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Dutch Design


Dutch design

The concept Dutch Design was introduced midway through the 1990s. Besides their literal meaning the words are a symbol of something much larger: a way of working which is extremely functional yet at the same time characterised by an autonomous approach. A statement, a story or a thought which gives a design added value, and by doing so cautiously makes the shift from design to art.

With their establishment of Droog Design in 1993, designer Gijs Bakker and design historian Renny Ramakers gave Dutch design an enormous boost. They demonstrated to the world the unconventional nature of the work produced in the Netherlands, such as the Chest of Drawers by Tejo Remy (1991), a chest made up of a motley collection of recycled drawers held together by a wide band. This was a protest against overproduction and overconsumption, from a designer who claimed that he ‘particularly did not want to design’. Another purebred design classic from the Netherlands, which can be traced back to an initiative of Droog, is the Knotted Chair by Marcel Wanders: a lightweight chair which is the result of a combination of industrial technology and handmade craftsmanship. They and their fellow product designers such as Richard Hutten, Jurgen Bey and Hella Jongerius, and graphic designers such as Irma Boom, have ensured that the eyes of the international design world have turned towards the Netherlands. They have changed our perspective on our everyday lives and our ideas of aesthetics. Many of them taught, or still teach, at the Dutch design educational institutions, so that the founders of Dutch Design still exert their influence on the latest generation of designers. This generation has grown up with the idea of conceptual thinking and has learned to think out of the box. Some of them hark back to older values and set great store by the philosophy that ‘form follows function’ while others experiment with new techniques and flirt with other disciplines; whether weaving with high-tech fibres or making a chair using technology from the automotive industry, they are constantly stretching the boundaries of their field.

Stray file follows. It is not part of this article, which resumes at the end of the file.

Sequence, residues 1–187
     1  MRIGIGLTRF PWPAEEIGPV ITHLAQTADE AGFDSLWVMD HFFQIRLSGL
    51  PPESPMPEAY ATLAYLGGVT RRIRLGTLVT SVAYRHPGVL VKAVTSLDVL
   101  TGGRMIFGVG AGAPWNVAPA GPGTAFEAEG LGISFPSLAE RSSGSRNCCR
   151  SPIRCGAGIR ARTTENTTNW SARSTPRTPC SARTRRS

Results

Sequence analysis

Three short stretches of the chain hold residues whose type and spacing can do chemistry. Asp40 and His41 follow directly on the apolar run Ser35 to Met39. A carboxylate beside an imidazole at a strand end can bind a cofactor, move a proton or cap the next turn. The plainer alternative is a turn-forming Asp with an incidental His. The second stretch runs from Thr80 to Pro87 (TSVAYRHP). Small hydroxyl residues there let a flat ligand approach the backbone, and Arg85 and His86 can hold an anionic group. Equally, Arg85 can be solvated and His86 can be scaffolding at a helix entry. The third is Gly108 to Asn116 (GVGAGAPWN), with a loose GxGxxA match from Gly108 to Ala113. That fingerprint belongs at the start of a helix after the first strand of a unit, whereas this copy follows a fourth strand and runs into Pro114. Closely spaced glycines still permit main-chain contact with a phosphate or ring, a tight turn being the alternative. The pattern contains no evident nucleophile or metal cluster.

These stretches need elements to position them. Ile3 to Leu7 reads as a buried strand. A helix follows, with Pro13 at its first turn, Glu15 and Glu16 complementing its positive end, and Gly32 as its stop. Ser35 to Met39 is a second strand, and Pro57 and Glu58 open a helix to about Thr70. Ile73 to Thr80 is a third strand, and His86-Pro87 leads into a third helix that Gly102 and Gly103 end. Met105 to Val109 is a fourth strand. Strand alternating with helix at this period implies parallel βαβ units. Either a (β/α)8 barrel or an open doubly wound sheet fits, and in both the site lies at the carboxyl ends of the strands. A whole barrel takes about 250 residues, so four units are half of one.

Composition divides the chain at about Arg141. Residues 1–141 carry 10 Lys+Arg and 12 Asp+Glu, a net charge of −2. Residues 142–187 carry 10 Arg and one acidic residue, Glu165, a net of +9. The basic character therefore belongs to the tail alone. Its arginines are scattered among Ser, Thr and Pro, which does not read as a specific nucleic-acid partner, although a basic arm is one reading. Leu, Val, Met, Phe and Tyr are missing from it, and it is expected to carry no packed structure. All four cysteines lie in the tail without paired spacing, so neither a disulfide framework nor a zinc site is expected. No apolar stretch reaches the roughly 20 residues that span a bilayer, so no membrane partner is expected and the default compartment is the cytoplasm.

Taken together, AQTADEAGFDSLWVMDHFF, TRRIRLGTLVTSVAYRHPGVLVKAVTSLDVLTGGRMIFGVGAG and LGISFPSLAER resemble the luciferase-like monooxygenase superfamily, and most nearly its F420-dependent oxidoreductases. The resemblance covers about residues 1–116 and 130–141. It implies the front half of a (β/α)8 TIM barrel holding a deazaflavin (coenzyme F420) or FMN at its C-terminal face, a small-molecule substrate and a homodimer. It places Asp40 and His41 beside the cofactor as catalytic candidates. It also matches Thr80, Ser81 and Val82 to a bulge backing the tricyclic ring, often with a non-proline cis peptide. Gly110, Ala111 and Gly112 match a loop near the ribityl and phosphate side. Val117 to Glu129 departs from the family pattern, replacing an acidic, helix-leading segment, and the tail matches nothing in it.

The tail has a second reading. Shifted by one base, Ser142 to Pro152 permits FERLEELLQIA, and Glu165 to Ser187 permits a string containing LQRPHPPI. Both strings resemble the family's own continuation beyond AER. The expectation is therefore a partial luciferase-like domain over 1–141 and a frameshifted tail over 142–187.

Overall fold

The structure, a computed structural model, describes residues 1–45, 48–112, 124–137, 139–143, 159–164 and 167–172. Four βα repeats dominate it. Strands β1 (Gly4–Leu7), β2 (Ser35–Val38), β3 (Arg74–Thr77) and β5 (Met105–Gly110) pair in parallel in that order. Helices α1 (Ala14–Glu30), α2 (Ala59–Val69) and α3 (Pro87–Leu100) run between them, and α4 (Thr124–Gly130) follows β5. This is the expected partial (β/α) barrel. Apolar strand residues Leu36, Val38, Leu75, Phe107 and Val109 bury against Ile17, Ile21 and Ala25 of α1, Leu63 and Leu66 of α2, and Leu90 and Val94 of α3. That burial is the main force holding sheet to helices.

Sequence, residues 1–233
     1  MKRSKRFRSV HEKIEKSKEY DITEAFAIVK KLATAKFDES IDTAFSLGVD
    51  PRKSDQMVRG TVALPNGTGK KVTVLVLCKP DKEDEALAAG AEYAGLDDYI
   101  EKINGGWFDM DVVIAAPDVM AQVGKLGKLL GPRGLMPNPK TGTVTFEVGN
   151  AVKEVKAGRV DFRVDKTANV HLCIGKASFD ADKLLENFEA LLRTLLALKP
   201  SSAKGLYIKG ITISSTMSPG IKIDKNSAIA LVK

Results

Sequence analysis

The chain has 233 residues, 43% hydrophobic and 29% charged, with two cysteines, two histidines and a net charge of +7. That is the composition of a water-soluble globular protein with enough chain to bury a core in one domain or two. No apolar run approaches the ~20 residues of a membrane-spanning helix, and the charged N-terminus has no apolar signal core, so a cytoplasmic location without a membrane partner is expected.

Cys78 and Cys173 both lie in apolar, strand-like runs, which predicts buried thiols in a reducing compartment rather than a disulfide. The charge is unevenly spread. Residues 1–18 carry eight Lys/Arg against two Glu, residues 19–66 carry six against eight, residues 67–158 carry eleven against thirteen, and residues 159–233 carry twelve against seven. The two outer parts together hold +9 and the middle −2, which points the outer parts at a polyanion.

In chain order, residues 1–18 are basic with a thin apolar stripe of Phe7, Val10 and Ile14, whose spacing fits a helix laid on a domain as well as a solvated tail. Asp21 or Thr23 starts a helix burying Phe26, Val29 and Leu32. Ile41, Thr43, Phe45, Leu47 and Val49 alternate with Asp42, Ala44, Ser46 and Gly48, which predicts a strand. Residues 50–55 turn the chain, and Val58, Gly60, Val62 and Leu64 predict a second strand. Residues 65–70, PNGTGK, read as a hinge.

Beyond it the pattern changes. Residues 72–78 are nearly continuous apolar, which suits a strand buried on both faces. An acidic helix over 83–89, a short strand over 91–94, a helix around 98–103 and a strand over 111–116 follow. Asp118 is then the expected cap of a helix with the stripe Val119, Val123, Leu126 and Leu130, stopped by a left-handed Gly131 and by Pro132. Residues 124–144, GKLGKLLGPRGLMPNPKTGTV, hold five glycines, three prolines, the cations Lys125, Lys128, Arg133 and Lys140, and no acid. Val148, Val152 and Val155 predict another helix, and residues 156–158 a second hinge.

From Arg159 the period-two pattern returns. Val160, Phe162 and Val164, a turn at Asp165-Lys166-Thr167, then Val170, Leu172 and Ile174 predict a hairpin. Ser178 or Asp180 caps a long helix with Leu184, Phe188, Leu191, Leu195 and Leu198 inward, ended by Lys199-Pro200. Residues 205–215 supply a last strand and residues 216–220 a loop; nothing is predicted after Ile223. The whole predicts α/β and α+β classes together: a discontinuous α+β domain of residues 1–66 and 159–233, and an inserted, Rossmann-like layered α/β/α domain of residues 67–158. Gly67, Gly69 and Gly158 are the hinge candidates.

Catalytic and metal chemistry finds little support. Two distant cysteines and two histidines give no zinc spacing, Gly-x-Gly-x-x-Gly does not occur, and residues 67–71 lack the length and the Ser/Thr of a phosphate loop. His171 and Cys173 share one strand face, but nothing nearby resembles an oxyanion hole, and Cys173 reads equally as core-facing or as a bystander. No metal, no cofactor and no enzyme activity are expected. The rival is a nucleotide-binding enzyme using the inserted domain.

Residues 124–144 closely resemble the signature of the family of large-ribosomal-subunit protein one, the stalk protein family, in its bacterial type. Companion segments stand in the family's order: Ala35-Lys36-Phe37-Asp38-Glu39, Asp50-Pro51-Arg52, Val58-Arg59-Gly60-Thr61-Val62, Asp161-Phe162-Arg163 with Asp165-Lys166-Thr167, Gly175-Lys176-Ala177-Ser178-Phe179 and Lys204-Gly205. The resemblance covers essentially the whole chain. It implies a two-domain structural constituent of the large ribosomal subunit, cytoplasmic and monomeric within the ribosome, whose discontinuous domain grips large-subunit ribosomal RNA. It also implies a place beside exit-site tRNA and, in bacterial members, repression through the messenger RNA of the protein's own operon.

One of many success stories from the latest generation of designers is Joris Laarman, who graduated from the Design Academy Eindhoven in 2003 with his radiator Heatwave. The radiator is made up of flamboyant baroque curls that are not decoration, but are designed to distribute the hot water as effectively as possible. Here Laarman shows that functionality does not equal austerity, thereby silencing many a trend watcher. Maarten Baas, a peer of Laarman, has won international awards with his three Real Time Clocks. Each of the clocks shows a film in which the person being filmed acts out the time and so takes on the role of the hour and minute hands. The Dutch textile manufacturer TenCate has won innovation awards for its lightweight materials for the aviation industry and its fire fighter suits with a built-in alarm that warns the wearer if it is getting too hot around him.

Baas and Laarman are both graduates of Design Academy Eindhoven, an institute that achieved world fame under the leadership of Lidewij Edelkoort. In 2008, Edelkoort passed on the baton to the new chairwoman Anne Mieke Eggenkamp.